## The field penetrates into a conductor tooTo this aim let's have a look at the other end of the conductor considered.No problems to be encountered there, you may say, free charge can reach the surface and form a layer compensating the electric field. Using this argument, we forget a frequent phenomenon which smooths all irregularities: diffusion. It is well known that when the concentration of movable particles is irregular, they are displaced so as to diminish the degree of irregularity. This process is described by the diffusion equation, which in the one-dimensional case has the following form:
where Diffusion leads to the erosion of the immense (theoretically infinite) volume density of the charge concentrated on the surface, needed to prevent the field from penetrating into the conductor. In turn, the erosion of the charge on the surface allows the field to enter into the conductor to some depth. The field, by pulling the carriers towards the surface, stops the diffusion process, thus establishing equilibrium (Fig.3).
Fig. 3. Fading of the electric field in a conductor when the field is directed inwards (notation as in Fig.2) If the qualitative argument does not satisfy you, you may ask
## How deep does the field penetrate into the conductor?To find the equation showing how the field depends on its positionx in the semiconductor, we must require that the
electric current emanating from the field be compensated by the
diffusion current. The sources of these two currents are related
to charge distribution, so we may hope the above condition will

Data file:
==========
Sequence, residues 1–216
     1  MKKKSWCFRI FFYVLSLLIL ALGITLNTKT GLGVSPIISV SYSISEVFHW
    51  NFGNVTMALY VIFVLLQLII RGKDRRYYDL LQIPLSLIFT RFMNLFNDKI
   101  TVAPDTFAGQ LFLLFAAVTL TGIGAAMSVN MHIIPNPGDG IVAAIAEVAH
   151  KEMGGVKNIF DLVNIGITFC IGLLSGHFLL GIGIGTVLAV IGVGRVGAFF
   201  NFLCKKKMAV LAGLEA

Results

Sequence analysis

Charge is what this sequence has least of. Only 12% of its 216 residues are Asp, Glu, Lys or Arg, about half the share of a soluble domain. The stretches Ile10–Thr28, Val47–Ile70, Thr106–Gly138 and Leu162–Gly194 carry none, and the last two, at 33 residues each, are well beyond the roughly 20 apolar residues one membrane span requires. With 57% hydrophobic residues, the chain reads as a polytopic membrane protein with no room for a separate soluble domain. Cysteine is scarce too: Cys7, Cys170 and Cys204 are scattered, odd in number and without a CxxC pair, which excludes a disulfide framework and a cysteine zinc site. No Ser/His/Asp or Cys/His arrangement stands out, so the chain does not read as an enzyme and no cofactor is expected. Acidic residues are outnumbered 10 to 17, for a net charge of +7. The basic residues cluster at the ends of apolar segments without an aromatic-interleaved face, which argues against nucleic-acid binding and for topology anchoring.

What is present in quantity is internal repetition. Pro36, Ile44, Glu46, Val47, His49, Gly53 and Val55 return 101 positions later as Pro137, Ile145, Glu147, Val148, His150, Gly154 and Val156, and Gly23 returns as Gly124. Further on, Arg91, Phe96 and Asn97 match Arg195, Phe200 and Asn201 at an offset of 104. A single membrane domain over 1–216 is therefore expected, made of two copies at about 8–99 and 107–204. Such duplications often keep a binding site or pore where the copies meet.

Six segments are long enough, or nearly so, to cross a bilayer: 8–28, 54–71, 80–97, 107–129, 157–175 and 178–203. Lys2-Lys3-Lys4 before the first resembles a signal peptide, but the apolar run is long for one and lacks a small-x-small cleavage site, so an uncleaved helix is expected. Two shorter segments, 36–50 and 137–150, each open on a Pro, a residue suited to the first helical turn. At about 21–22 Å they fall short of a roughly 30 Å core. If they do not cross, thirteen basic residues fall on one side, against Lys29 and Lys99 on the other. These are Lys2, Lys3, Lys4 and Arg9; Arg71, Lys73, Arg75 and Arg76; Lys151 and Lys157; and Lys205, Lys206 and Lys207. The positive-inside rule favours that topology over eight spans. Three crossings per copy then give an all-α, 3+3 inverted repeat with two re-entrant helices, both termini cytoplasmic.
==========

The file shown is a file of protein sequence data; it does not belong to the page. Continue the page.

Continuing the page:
make possible the computation of the distribution.
The value of the diffusion current must be equal to minus the density of the electric current caused by the field, divided by the charge of a single carrier.
But
Volume density of the free charge being
related to carrier concentration Since we arrive at
On the other hand,
where $\sigma$ is the specific conductivity of the material. Substituting (2) and (3) into (1) we now have i.e. Observe that the dimension of the constant is the inverted square of some distance. Call this distance x_0. Then,
obviously,
Thus the electric field must fade away according to the equation It can be easily verified that this equation is satisfied by an exponentially fading field:
where Substituting values known for copper: and assuming that epsilon is equal to 1, we get
Now you will accuse me of pulling your leg by suggesting that
field penetration with depth comparable to the dimension of an
atom can be treated seriously. Well, my answer is that you are
absolutely right. However, in semiconductors, for which specific
conductivity is by far smaller, whereas diffusion is by far
greater than in metals, the distance It's time to ask again: what has been refuted above? A law of physics or a commonplace belief? It's for you to judge, dear reader. |